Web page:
Yet, we did it. Human minds made the discoveries and invented the technologies necessary to go further than ever imagined. Moore’s law has proven to be largely true, thanks to the brilliant work of many who improved the thinness and performance of circuits, who reduced their size, who learned how to pack more and more on ever smaller wafers. In 2014, bioengineers at Stanford even developed a circuit that simulates 1 million brain neurons with billions of synaptic connections. Scientists are now pondering whether Moore’s law might also apply to the rate of advancement in Artificial Intelligence, while the public debate and the number of movies are growing about the consequences if and when computers become capable of designing computers and robots better than themselves, exceeding human intellectual capacity and control.
In the meantime, however, our humanity has seen an enormous increase in global problems. Since Moore’s forecast in 1965, international, national, regional conflicts and wars continue to kill and claim millions of innocent civilians. Billions of dollars are spent on increasing the effectiveness and efficiency of war machines. Religion-based conflict destroys not only people but also humanity’s earliest settlements and historical treasures. While prosperity has reached millions of people around the globe, creating enormous new middle classes, billions more still live in abject poverty. Millions of children die each year from preventable diseases. Thousands die on the ships of human traders in the Mediterranean and Indian Ocean. Our cities are teeming with social ills and archaic infrastructures while hope for a better life attracts more desperate people to them. And we are consuming the resources of the Earth without a global strategy to halt human impact on the climate.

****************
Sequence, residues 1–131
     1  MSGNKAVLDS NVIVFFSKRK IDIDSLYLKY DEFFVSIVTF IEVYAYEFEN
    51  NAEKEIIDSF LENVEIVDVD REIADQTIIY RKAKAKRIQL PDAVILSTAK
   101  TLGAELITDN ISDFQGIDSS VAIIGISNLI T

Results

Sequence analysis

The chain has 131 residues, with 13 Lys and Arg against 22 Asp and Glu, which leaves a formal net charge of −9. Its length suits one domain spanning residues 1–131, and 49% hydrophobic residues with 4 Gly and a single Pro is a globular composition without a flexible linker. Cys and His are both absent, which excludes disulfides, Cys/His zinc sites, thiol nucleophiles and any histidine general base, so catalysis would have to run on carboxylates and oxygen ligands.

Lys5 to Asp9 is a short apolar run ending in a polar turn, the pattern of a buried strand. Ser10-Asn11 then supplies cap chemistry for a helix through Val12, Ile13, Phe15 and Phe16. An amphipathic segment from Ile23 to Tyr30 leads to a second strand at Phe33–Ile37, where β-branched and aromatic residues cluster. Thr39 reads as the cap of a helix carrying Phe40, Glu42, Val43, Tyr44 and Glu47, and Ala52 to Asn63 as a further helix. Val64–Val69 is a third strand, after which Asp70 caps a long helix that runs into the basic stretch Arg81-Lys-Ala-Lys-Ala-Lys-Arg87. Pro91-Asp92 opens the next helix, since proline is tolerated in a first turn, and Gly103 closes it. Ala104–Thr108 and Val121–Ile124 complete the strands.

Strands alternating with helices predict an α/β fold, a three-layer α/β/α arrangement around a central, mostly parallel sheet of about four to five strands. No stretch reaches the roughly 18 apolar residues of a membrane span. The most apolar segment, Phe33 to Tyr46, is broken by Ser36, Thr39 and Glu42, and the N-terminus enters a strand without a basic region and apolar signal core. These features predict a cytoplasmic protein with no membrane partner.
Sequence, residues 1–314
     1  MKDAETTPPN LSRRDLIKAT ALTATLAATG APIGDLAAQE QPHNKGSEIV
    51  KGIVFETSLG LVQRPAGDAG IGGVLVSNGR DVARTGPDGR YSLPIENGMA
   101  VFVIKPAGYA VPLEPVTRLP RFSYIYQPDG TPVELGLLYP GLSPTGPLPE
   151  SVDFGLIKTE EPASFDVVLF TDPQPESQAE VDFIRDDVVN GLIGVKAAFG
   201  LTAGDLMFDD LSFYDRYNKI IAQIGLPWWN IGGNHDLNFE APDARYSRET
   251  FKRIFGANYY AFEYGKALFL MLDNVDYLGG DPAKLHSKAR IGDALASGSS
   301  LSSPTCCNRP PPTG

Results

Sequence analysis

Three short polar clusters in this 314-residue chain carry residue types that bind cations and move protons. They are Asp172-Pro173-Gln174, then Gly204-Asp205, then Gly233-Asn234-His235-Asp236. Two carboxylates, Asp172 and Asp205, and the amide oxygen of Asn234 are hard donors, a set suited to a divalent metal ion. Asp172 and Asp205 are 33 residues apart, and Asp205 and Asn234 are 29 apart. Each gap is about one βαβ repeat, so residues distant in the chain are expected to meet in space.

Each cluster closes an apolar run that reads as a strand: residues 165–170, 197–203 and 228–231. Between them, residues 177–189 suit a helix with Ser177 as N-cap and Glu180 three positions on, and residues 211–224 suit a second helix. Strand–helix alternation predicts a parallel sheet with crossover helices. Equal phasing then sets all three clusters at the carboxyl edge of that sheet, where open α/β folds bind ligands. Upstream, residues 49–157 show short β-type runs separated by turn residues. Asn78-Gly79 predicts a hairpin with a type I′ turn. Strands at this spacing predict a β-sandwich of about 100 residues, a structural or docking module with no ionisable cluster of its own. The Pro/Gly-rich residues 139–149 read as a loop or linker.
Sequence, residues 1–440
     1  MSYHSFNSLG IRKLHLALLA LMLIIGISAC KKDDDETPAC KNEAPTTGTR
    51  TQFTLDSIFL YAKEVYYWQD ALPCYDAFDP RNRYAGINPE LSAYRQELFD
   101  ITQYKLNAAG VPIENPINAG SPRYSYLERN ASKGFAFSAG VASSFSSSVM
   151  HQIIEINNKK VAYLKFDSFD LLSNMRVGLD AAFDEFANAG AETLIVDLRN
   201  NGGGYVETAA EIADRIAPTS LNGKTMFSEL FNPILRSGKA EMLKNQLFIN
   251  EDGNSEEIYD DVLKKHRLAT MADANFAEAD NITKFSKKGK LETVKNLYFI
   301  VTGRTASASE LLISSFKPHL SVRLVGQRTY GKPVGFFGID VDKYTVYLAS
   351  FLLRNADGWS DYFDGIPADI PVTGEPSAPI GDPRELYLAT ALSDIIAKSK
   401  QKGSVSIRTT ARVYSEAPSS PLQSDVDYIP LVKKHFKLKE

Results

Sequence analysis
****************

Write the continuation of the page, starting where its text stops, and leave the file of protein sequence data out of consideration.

The chasm between how the STEM field flourishes and our progress as humans is shocking and sad. If we can land a Rover on Mars, transplant organs, build self-driving cars, and translate a paragraph from Swedish to Tagalog in about 30 nanoseconds, can we not make equal progress to lift billions from ignorance and poverty; save innocent children from war, famine, and disease; protect girls from genital mutilation; learn how to solve geopolitical and religious conflict without guns and bombs; and all else that humanity must do to keep our planet from succumbing to our own failings?